Forgotten Musicals Friday: LOOK MA, I’M DANCIN’!

Nancy Walker and Harold Lang in LOOK MA, I'M DANCIN'!
Nancy Walker and Harold Lang in Look Ma, I’m Dancin’!

Welcome back to the site! Why don’t you stay for the night? I could show you my favourite obsession…. Well, it isn’t The Rocky Horror Show. That’s not a forgotten musical. On the other hand, Look Ma, I’m Dancin’! is, one that is so charming that it would be churlish not to shine the spotlight on it here.

Look Ma, I’m Dancin’! is a show that is little more than a footnote on the careers of a whole bunch of entertainment industry legends. Composer-lyricist Hugh Martin had already been nominated for two Academy Awards for his contributions to Meet Me in St Louis and Good News. Book-writers Jerome Lawrence and Robert E. Lee would go on to write the Broadway classic, Mame. Producer-director George Abbott was in the middle of his extraordinary career, while co-director and choreographer Jerome Robbins would go on to help create a string of Broadway classics like West Side Story, Gypsy and Fiddler on the Roof, having already had significant success with On the Town.

While the show wasn’t a great hit, at least it didn’t flop. Although it closed within six months after 188 performances at the Adelphi Theatre in New York, it turned a small profit. Listening to the delightful cast recording makes one wonder why the show has slipped into obscurity because if it has nothing else, Look Ma, I’m Dancin’! has the most wonderful score. There are a number of high points: the characterful tour de force “Gotta Dance,” the hilarious novelty song “I’m the First Girl,” and the jaunty “Shauny O’Shay” among them. Every song is charming and the performances from Harold Lang, Nancy Walker, Sandra Deel and Bill Shirley are fantastic. And yet, Martin felt that the songs he wrote didn’t represent his best efforts and were – in his words – ‘OK.’ He attributed this to his knowledge that he had written some great tunes upfront and that he ‘relaxed a little’ when writing the rest. See the liner notes from the cast album for more details on that.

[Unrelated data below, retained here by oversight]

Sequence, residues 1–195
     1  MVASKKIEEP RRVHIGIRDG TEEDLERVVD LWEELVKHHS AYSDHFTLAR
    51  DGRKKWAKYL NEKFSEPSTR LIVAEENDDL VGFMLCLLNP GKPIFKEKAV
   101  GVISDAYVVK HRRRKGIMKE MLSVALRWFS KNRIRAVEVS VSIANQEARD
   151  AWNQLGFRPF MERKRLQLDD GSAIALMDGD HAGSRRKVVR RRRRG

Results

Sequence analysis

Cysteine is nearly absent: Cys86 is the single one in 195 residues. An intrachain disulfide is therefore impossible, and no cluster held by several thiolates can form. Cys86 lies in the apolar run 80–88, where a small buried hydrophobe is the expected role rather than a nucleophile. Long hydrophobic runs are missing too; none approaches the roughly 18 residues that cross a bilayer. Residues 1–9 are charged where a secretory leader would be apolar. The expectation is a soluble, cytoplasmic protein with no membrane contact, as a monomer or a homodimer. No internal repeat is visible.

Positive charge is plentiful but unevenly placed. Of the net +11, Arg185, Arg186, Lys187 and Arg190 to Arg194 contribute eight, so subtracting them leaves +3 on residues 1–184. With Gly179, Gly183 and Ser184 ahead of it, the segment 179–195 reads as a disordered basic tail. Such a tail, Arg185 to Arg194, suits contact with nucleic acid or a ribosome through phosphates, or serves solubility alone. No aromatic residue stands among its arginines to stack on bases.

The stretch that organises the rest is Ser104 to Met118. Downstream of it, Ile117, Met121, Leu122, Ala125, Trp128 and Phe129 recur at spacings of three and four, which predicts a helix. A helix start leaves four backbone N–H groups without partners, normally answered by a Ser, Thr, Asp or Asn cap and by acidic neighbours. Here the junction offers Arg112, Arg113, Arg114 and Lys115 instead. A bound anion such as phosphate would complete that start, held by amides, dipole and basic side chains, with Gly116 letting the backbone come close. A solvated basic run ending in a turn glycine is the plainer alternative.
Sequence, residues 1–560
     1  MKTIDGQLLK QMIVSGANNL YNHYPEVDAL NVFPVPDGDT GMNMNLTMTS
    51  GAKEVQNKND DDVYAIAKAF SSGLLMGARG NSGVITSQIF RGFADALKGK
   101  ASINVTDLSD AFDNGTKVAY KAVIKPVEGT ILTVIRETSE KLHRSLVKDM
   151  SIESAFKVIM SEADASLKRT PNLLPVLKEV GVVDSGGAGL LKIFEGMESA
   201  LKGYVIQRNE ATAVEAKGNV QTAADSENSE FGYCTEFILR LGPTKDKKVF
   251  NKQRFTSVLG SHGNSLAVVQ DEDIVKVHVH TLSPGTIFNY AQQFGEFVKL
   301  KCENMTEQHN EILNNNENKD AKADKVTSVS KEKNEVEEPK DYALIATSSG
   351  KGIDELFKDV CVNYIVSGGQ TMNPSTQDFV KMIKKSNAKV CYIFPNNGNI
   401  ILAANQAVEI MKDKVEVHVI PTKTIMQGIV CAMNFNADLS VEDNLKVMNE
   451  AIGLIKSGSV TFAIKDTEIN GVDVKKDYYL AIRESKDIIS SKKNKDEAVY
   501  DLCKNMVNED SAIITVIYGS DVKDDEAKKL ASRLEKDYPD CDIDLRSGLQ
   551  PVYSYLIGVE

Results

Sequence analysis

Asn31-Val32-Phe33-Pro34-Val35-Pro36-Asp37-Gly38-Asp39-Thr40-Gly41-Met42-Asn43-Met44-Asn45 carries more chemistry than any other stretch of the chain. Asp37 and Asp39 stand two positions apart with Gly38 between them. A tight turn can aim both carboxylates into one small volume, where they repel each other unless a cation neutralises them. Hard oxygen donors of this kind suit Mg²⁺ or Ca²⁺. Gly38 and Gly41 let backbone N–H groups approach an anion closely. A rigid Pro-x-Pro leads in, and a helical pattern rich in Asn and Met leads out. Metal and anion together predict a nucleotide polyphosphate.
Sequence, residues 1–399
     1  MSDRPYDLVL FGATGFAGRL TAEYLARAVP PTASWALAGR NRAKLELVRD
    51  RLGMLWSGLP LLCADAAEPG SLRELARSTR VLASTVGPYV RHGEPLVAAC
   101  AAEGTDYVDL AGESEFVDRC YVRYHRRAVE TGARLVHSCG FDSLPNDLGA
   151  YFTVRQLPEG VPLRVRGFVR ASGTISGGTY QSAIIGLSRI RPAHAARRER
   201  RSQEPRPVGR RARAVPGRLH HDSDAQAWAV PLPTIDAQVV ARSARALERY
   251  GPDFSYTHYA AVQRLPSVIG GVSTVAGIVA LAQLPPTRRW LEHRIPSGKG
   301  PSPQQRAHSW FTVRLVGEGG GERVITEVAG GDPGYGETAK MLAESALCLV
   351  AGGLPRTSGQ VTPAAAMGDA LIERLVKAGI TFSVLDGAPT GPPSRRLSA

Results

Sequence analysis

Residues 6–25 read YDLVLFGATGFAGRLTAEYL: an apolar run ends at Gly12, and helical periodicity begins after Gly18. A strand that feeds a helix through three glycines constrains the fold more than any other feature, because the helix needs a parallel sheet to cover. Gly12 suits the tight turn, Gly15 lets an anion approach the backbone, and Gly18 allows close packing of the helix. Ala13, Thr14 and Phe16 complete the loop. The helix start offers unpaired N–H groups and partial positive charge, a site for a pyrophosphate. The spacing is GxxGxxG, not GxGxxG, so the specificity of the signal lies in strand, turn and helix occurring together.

One also wonders how the Lawrence and Lee book landed? With some autobiographical elements contributed by Robbins, who had already pitched his original ideas to Arthur Laurents, the show follows the wacky misadventures of an heiress who uses the money from the Milwaukee brewery she has inherited to produce a ballet for herself. This puts her on a collision course with an egotistical dancer and choreographer, who is helping to shake up the ballet in his own way. It does recall the joyous comic nonsense of shows from the twenties, so were Lawrence and Lee not able to tailor the free-wheeling content to the taste of audiences in the late 1940s? Would Laurents have brought things together in a way that would have propelled Look Ma, I’m Dancin! to the status of other musical comedy classics? Or was Look Ma, I’m Dancin’ a casualty of the post-Oklahoma! push for integration?

Whatever the reason, it’s a pity this show hasn’t been rediscovered, even if only for a staged concert or something of that nature. If you haven’t listened to the score before, catch some of the highlights in the playlist below – then share your thoughts in the comments section. You won’t regret it!

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